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My pea vines have died. Despite getting the same water and sunshine as the rest of the garden, they seemed to know, somehow, that they had accomplished their mission. Now it was time to go to The Great Compost Bin in the Corner.
Like salmon, they produce their next generation, and then give up living.
All living things seem to recognize when their time is running out. Pea vines live less than one full summer; some trees will live thousands of years. But they all die, eventually.
And so, interestingly, do their individual cells. Cells have their own life spans. Human skin cells die every few days. So do the cells in the toxic environment of your digestive system. Sperm cells survive only a few hours.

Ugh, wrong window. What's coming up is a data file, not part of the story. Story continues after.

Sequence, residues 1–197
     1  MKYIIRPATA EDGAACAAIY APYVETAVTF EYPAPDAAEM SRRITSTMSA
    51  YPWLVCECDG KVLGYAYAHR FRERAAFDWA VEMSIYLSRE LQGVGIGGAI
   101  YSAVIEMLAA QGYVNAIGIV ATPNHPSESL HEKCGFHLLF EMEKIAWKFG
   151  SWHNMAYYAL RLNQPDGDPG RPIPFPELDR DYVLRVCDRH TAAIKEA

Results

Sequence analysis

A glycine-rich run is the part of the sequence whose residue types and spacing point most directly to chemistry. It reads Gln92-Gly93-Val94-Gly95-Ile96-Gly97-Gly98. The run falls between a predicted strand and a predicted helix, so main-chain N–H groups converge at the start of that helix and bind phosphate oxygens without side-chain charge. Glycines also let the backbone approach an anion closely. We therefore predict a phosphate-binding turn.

Indeed, without cell death, we wouldn’t be human. A human fetus has webs between its fingers and toes -- a throwback, perhaps, to our amphibian ancestors -- and those web cells must die so that an infant can be born with recognizably human hands and feet.
Categories: Soft Edges
Tags: apoptosis, genes, bel-2, overpopulation